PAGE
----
Theranos founder Elizabeth Holmes testifies in her wire fraud trial

Theranos founder Elizabeth Holmes testified Friday as the defense began its case in wire fraud trial. File Photo by John Anglillo/UPI
Theranos founder Elizabeth Holmes testified Friday as the defense began its case in wire fraud trial. File Photo by John Anglillo/UPI

Nov. 20 (UPI) -- Theranos founder Elizabeth Holmes has taken the stand to defend herself in her wire fraud trial in San Jose, Calif.

Holmes, an entrepreneur who founded the blood-testing start-up Theranos in 2003, faces wire fraud charges for an alleged scheme to defraud investors, which led the company to dissolve in September 2018.


She was indicted earlier that year along with former Theranos President Ramesh "Sunny" Balwani for allegedly making false and misleading statements to investors about developing a device that could run a full range of blood tests with only a finger-prick sample. Both have pleaded not guilty.

Holmes, 37, testified Friday after the prosecution rested its case earlier in the day after calling nearly 30 witnesses in the 11th week of the trial.

"I met with everyone I could who worked in pharma or knew someone who worked in pharma to try to understand what they did and what they might be interested in," she said while talking about the early days of Theranos.


Holmes' lawyer, Kevin Downey, asked her whether she founded "technology that was capable of running any blood tests," and she answered yes.

During an hour of testimony, Holmes also spoke about Theranos employees conducting a demonstration for pharmaceutical company Novartis during the early years of the company.

"We nailed this one," Holmes wrote in an email to the team afterwards. "You all did an incredible job in making this happen -- this is the Theranos way," she wrote.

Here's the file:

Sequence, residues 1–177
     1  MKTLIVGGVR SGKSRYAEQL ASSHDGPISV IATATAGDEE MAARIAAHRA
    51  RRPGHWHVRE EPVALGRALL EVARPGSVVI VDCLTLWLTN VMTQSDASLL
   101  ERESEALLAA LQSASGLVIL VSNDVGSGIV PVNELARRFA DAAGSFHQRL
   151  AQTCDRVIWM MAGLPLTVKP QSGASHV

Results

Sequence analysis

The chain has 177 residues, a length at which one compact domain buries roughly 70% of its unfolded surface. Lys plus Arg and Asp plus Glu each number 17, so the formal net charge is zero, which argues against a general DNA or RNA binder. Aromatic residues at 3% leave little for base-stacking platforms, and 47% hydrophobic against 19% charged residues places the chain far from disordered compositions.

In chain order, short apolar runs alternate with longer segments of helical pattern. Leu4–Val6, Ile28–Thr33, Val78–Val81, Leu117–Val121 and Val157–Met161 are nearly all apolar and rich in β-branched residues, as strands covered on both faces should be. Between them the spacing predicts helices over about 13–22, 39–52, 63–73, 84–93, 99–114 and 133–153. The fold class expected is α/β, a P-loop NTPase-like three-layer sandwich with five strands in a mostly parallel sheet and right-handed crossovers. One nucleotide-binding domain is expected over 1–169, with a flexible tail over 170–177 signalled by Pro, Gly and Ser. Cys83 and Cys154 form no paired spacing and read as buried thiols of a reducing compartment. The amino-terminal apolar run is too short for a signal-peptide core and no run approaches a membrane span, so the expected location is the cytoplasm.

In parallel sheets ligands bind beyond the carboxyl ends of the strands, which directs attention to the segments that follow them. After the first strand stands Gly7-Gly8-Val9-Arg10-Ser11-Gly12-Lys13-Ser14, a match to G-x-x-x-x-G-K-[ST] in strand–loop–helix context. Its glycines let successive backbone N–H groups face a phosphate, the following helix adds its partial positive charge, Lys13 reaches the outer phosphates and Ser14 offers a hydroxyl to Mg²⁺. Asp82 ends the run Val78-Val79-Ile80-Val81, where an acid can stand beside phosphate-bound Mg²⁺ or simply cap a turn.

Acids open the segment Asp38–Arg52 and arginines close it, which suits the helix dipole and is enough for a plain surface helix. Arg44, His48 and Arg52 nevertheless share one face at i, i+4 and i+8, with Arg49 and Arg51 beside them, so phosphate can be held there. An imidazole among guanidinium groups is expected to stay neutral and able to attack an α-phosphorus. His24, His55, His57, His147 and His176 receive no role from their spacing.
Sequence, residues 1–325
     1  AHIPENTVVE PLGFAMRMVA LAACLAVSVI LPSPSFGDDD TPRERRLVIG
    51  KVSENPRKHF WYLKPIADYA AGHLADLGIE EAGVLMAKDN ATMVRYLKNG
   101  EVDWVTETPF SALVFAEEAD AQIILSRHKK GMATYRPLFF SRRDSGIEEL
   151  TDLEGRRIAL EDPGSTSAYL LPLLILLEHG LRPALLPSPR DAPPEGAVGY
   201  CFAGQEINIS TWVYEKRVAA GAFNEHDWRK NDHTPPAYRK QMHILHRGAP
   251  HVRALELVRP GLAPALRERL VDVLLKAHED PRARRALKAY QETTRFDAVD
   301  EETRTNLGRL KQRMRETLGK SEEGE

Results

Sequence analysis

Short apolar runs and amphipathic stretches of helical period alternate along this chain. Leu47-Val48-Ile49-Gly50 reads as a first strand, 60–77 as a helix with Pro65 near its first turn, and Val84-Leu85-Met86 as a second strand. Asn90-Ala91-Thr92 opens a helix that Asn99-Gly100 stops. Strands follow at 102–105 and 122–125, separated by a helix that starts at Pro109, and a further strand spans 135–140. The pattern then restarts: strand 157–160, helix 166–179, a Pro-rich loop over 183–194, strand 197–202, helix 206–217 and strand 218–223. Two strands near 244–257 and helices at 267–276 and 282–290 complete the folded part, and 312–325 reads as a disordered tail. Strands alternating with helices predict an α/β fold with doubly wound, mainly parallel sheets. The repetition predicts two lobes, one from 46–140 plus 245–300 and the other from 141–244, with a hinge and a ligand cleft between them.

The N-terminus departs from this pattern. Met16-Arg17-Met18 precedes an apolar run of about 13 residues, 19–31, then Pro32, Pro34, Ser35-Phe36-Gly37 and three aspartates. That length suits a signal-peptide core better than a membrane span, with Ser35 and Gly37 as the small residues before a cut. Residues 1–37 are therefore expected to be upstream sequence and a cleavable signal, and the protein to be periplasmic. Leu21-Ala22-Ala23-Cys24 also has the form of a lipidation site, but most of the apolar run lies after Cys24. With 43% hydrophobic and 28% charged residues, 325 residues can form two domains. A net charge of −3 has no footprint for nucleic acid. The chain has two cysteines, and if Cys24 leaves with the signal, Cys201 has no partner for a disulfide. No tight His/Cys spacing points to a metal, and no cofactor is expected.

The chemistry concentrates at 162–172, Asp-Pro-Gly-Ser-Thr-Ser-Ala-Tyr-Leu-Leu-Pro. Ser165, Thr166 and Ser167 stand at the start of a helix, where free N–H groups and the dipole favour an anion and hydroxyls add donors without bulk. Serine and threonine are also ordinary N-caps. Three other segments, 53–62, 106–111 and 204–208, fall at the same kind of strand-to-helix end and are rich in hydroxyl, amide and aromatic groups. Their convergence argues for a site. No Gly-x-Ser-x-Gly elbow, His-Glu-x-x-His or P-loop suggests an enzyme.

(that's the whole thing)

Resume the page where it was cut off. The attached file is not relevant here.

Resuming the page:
Reporter John Carreyrou wrote in the book, Bad Blood: Secrets and Lies in a Silicon Valley Startup that the device malfunctioned the night before the demonstration and employees sent over a fake result from the California office.

Holmes' testimony was expected to continue Monday.

The government has argued that she had the intent to defraud investors as she built the $9 billion startup knowing the blood tests didn't work, while defense lawyers have said she made mistakes but acted in good faith.

The defense also called a second witness Friday, Fabrizio Bonanni, who joined Theranos' board of directors in 2016, and described the efforts the start-up made to improve its policies and practices after investigations started about the company's claims.


Balwani faces trial next year.

Holmes and Balwani were initially charged with nine counts of wire fraud each and two counts of conspiracy to commit wire fraud, but superseding indictments stretched into last year, adding a 12th fraud charge against Holmes.

On Friday, the judge dismissed the 12th charge against Holmes because the court ruled earlier that the patient could not testify.

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